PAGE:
The Chemistry of Doorknobs

People in the past weren’t dumb. At least not all of them.

We often think they were, which is why we are always changing things and modernising things.

But sometimes our attempts at modernising are actually a backward step, and we come to realize that in years gone by people really did know what they were doing.

Take doorknobs for example.

Any old house will contain brass doorknobs, but we have now replaced them with much more flash looking polished stainless steel or any number of coloured plastics.

We understand that in the past people used brass because it was simple and cheap, looked good, and didn’t tarnish. In our cleverness we’ve now replaced it with things that are cheaper, look better, and don’t corrode or tarnish.

But is that all there is to doorknobs?

Well, aside from allowing us to close and open doors, doorknobs have another, very unwelcome, role in our lives – the transmission of disease. If someone has sneezed onto their hands, and they touch a doorknob, the germs and bacteria are quite happy to sit there until some other unsuspecting soul uses the same knob.

And here’s where brass has it all over any other doorknob material. Brass of course contains copper, which has natural antimicrobial activities and is the active component in many garden fungicides and biocides. Consequently, any germs that find their way onto a brass doorknob don’t last long – it is deadly to most of the common disease–causing germs and bugs. To achieve the same thing with other doorknobs you’d have to spray your doorknobs – every time they were used – with a disinfectant.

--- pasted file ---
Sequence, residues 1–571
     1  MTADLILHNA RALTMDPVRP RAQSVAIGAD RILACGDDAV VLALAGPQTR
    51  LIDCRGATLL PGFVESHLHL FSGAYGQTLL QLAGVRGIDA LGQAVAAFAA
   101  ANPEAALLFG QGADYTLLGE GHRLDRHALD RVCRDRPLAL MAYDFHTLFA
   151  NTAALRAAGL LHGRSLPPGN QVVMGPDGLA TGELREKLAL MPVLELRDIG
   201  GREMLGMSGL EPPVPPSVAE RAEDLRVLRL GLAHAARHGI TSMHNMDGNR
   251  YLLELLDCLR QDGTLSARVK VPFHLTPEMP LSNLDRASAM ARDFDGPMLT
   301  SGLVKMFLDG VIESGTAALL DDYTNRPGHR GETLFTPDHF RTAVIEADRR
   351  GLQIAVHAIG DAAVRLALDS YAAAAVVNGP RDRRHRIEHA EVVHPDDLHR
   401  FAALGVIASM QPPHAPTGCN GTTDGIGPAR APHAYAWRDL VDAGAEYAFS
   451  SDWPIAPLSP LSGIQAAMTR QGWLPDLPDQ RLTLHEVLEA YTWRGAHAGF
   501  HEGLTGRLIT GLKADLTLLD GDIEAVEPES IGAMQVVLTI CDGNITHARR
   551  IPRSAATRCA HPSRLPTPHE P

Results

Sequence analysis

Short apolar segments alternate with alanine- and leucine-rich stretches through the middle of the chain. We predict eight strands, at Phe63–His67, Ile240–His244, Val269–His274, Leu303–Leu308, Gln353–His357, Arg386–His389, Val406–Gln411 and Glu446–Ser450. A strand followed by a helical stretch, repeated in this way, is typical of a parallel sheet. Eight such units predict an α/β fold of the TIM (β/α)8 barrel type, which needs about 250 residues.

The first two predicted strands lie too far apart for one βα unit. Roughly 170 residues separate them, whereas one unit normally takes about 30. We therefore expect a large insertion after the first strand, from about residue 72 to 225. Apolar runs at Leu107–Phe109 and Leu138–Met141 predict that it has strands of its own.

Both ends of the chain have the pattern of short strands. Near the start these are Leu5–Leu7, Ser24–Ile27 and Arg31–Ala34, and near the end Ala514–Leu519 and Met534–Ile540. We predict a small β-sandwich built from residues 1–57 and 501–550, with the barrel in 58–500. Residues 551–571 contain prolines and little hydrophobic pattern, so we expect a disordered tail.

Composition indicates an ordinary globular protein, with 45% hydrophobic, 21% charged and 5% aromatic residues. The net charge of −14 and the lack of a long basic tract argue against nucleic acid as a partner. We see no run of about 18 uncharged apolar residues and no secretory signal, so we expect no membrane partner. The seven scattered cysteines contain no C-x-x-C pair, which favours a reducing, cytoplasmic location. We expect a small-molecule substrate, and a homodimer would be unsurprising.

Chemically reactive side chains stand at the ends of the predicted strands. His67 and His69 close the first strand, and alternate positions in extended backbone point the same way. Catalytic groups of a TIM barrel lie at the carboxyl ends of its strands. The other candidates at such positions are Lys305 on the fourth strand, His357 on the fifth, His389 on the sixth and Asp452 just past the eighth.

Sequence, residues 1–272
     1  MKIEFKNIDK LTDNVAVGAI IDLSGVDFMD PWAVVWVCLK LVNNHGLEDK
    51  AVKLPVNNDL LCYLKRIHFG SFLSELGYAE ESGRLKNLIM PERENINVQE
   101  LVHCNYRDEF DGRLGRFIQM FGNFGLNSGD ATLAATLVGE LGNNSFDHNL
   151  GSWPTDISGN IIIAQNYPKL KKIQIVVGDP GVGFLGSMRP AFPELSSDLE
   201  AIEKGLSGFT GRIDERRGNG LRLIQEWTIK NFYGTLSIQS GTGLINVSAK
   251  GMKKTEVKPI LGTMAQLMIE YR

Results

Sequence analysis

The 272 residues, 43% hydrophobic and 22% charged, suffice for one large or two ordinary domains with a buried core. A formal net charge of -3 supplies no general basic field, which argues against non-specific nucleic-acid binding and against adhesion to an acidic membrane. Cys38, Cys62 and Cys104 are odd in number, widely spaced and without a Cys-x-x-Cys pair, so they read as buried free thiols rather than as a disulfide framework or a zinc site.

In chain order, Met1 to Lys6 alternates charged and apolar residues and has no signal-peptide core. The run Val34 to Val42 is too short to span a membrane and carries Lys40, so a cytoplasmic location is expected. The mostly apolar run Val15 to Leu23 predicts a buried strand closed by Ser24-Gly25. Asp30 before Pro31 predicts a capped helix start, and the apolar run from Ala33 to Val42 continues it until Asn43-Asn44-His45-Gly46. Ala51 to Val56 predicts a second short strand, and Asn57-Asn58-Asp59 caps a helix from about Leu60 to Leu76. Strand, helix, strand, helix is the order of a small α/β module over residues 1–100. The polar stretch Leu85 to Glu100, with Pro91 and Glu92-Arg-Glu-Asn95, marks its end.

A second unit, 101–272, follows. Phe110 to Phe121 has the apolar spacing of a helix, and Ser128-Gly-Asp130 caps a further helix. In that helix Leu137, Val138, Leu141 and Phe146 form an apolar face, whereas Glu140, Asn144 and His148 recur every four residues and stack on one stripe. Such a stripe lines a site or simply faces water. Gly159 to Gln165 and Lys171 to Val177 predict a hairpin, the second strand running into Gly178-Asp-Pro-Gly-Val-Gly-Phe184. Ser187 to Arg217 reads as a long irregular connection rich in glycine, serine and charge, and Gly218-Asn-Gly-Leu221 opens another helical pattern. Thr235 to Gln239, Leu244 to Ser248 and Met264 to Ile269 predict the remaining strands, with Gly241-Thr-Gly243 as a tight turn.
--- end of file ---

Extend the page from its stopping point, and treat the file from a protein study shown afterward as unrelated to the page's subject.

So next time you’re shopping for doorknobs and you see those gold-yellow items twinkling innocently amongst the much more flash-looking polished stainless and plastic knobs, just remember, there’s more to doorknobs than meets the eye.

Or next time John Cleese asks “All right, but apart from the sanitation, medicine, education, wine, public order, irrigation, roads, the fresh water system and public health, what have the Romans ever done for us?” we can now answer “they gave us brass door knobs.”

70cookie-checkThe Chemistry of Doorknobs

1 thought on “The Chemistry of Doorknobs

  1. Thanks for your comments. I’m still new at this blogging business, and once I get more familiar with it, I’ll do a bit of work on the format

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